I upgraded the cams in the Westfield in summer of 2007. The resulting power increase was pretty profound, but over time it seemed less so. Yes, the car was still very quick, but it just didn’t seem to have quite the same level of urgency I remembered those first several months. It also failed smog twice (2009 & 2011) after passing within a few months of cam installation, so I suspected that the power loss might be real, rather than a simple recalibration of my butt dyno. Compression and leak down tests revealed no issues, so valve timing was the next logical culprit. Given a check of valve clearances showed some were out of spec, and I had an oil leak that required a closer look, I decided to pull the engine to address.
Now setting valve clearances on a Duratec is a complex affair thanks to their mechanical, non-adjustable design. A small inverted bucket (i.e. tappet) sits over the valve spring and its base forms the fixed, mechanical interface between the top of the valve stem and the cam lobe. The buckets come in different thicknesses and are selected to achieve optimal valve clearance. To adjust the clearance, you first need to measure it, then remove the bucket to get the base thickness measurement that is stamped to the inside (3.xxx mm), and then calculate the new thickness required to get the clearance within spec. The buckets are available with base thicknesses that come in increments of ~.02 mm, so the final setting is never exact, but should be within the accepted range (0.09"-0.011"/0.09"-0.012" intake/exhaust). Given that measuring and changing out these buckets requires cam removal, and by extension, resetting cam timing, this was also an opportunity to correct any discrepancies in this area.
After removing the crank pulley and front timing cover, I noticed that the adjustable cam gears weren’t where I left them in ‘07 – i.e. they had moved and with that movement, had altered the cam timing. A quick check revealed that the specs were significantly out of whack. Kent recommends exhaust timing is set to 110 deg before TDC, and the intake to 105 deg after TDC, yet measurements showed these were at 116 and 95 respectively. Now to be fair, the timing was most likley altered when the front pulley was removed (it’s not keyed and instead relies on a friction fit), but the delta between the two settings cannot inadvertently change during that process, and it too showed a big discrepancy, so cam timing is indeed out.
The good news is that I appear to have found the source of missing horsepower and increased emissions. The bad news is that it reveals the torque wrench I originally used to torque the clamping bolts isn’t very accurate at the required 12 ft-lbs setting. Suffice it to say I am buying a new torque wrench to handle all fastening duty under 20 ft-lbs, and investing in Loctite.
The roads were dry today, so I finally had an opportunity to test the recent de-squeaking measures. What an improvement! Although there is still a minor squeak from the rear silencer mount to tackle, the car is transformed. It's not just that it's quieter, but psychologically, the lack of squeaks and creaks adds a significant sense of rigidity to the chassis. What I previously perceived as flex on bumpy roads was simply my gut response to the squeaking.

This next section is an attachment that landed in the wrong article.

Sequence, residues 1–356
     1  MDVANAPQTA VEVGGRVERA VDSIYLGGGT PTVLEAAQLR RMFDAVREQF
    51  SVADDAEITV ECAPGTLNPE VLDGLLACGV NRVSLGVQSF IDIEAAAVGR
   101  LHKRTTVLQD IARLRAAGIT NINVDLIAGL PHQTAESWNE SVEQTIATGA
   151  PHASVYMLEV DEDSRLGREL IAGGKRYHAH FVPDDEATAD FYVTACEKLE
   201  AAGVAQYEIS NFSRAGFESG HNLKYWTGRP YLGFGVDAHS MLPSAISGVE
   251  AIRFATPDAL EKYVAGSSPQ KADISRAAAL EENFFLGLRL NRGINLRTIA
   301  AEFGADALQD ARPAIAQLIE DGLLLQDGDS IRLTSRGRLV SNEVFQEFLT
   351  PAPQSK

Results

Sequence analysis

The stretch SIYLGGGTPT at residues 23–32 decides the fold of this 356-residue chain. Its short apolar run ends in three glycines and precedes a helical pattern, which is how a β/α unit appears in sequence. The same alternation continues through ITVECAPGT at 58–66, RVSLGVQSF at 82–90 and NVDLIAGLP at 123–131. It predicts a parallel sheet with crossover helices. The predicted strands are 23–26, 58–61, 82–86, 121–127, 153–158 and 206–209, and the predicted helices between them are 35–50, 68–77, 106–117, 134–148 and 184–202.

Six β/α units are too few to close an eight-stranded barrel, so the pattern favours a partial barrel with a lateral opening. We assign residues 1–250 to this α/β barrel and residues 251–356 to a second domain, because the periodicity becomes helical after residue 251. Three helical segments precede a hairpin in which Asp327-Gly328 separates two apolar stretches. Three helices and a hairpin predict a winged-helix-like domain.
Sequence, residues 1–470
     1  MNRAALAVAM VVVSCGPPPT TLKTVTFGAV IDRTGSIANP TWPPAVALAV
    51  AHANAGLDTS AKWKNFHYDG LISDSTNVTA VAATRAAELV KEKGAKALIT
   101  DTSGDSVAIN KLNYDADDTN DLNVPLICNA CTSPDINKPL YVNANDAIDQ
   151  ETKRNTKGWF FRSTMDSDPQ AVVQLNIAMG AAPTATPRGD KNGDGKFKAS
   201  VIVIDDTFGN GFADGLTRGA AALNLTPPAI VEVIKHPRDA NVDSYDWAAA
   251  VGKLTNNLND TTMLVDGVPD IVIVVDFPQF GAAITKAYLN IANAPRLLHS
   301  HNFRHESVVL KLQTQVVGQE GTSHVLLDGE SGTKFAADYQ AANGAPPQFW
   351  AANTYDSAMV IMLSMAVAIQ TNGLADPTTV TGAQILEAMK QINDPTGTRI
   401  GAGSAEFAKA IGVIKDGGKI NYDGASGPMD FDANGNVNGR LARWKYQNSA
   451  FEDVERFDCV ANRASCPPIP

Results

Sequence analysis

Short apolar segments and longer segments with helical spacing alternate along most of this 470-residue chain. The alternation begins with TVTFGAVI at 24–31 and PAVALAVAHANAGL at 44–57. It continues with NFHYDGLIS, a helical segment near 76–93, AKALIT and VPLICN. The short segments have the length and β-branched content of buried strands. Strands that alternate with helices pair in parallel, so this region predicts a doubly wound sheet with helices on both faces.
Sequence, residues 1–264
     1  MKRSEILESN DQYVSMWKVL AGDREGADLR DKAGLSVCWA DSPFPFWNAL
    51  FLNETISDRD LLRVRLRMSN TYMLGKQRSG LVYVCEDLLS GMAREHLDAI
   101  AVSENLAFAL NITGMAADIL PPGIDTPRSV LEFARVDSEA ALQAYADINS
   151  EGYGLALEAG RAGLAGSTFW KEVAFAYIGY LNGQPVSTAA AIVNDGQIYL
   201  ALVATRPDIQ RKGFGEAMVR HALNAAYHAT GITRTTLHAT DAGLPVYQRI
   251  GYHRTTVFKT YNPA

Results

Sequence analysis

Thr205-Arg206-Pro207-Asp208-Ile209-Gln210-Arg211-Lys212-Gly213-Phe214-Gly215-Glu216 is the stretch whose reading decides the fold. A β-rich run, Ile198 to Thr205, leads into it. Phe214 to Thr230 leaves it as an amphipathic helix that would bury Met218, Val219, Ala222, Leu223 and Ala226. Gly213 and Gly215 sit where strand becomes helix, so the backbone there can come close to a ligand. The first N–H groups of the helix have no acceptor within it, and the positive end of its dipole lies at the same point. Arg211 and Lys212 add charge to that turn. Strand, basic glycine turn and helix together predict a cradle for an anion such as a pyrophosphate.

The Westfield has been a squeaking nightmare for a number of years, with two items accounting for the cacophony: worn out silicone bond between the scuttle and tub, and dry polyurethane bushings in the front suspension. Although annoying, the noise is something I've learned to live with out of nothing more than sheer laziness. The suspension job is a PITA due to my engine installation which blocks access to one suspension bolt, and the scuttle, although easy to remove, requires a lot of juggling with wires to get in position to clean the underside. I hate wire juggling.
However, over the last couple of weekends, I've finally tackled the issues. To ensure a long term fix for the scuttle-to-tub squeaking, rather than applying more silicone, the old stuff was completely removed and closed cell foam padding tape went in it's place. Silicone was applied around the bolt holes on the side of the scuttle to ensure no moisture makes it's way in the frame rails, and a bead of silicone was applied to the front where the fit isn't as tight. It took a while, but wasn't that difficult. The poly bushings, however, were a different story.
My engine installation conspires to make this a big job. The alternator -- which is buried at the bottom of the drivers side and difficult to access -- gets in the way of removing a key suspension bolt, and adds a couple of hours of work and a few hundred expletives to the job. That is annoying enough, but given that the bushing grease has a short life, it means this isn't so much a repair, as it is a regular maintenance item. Fortunately I stumbled upon some grease designed for this application that people claim lasts for years, so I decided to give it a shot.
As expected, the job was a pain, and like an idiot I made
things worse. First, I damaged the rubber boot for one of the lower balljoints, and next I bunged the threads of the other when the tierod remover slipped. The lower balljoints are from an Austin Maxi which was never imported, so they had to come from the UK. But it's done. Lots of rain means I've yet to give the car a proper road test, but pushing down firmly on the frame rail is now met with silence, which is a great sign.